The Realization of the Goal of Islam In Faithful and Observant Communal Life

The Realization of the Goal of Islam In Faithful and Observant Communal LifeMuslims believe that they have been called by God to establish a righteous human political and social order on earth. The only way to live gratefully as God’s caliphs is to make full use of what he has bestowed on humankind. The fundamental Islamic doctrine of the divine unity requires a unified human religious community as well. Tawhid is the Islamic name for this unity. But it is not a matter of mere number, in the sense that one is different from two and three and so forth. Rather, tawhid means “unification”; it has verbal force. Muslims declare God to be One and reinforce, indeed embody that declaration with strenuous efforts at unity in their doctrinal, ritual-devotional, and communal lives, which are regulated by the Qur’an and Muhammad’s teaching and example as contained in his Sunna.


The elements of Islamic faith, known as iman, can be briefly summarized, even though there has never been anything like a universal uniform creed in the sense of a formal statement that Muslims have been required to recite and endorse. The closest thing to such is the Shahada, the “witnessing” both to the unity of God and the messengerhood of Muhammad. But this two-part utterance does not have sufficient specific detail to be a comprehensive creed; rather it provides a crisp summary of the two vast areas of theological awareness and reflection: God and humankind, the vertical dimension being belief in no god but God and the horizontal dimension being the recognition that Muhammad has been chosen to be God’s messenger on the human historical plane. But nothing is said in the shahada about the Qur’an, or about the Last Judgment, or other central elements of Islamic faith.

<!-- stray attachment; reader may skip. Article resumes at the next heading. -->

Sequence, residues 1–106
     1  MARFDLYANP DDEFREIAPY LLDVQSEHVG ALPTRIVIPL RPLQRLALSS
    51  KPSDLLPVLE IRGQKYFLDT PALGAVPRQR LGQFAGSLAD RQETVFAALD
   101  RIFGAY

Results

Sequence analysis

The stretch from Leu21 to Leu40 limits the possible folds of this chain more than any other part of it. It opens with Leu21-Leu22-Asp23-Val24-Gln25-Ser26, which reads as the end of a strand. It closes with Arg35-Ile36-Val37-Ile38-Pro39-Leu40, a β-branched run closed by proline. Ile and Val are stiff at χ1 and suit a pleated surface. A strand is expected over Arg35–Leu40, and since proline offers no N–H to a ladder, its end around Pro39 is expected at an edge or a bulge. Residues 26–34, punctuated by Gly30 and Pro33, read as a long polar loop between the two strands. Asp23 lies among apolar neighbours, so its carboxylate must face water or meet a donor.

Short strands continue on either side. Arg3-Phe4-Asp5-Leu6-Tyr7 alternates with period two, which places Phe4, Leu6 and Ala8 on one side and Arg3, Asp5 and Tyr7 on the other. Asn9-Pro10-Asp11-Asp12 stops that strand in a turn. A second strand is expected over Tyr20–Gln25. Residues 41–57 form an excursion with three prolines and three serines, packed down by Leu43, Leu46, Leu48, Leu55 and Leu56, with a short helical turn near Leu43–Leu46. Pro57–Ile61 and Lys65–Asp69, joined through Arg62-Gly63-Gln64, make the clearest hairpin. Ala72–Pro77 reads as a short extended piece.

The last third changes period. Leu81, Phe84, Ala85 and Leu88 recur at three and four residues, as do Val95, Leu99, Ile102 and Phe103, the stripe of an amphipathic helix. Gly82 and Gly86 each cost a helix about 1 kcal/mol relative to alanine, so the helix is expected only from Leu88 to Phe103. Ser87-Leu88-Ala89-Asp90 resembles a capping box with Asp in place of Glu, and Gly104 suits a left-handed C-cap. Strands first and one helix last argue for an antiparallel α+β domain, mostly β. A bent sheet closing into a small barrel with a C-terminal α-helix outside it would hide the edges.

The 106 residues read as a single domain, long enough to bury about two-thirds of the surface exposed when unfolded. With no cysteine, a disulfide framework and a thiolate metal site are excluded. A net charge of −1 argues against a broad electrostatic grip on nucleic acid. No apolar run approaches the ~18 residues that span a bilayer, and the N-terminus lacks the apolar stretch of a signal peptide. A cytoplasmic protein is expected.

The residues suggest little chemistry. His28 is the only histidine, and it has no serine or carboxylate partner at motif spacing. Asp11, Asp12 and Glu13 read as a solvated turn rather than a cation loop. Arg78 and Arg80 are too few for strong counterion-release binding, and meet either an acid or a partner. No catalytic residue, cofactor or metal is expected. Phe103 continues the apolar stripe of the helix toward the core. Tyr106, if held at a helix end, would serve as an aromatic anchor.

The first basic doctrine of Islam is the belief in the divine unity, tawhid. This belief is easy to declare but difficult to understand and apply; indeed, the whole edifice of Muslim religion is dedicated to realizing tawhid. The second great doctrine is belief in angels as the divinely appointed agents of God’s revelatory activity and helpers in myriad other tasks. The third is belief in prophecy and sacred books that have been revealed to prophets in the past and, especially, acceptance of Muhammad and the Qur’an as the final “seal” of the cycle of prophecy in history. The fourth belief is in the Last Day, when all the dead will be raised and humankind shall be gathered before the Judgment Seat of God, the righteous to be saved in eternal heavenly bliss and the unbelievers to be cast down guilty into hell. The final doctrine is the Divine Decree and Predestination. Its workings are a mystery to humans, who nevertheless are given sufficient freedom and responsibility to make genuine moral and spiritual decisions.

The Pillars of Islam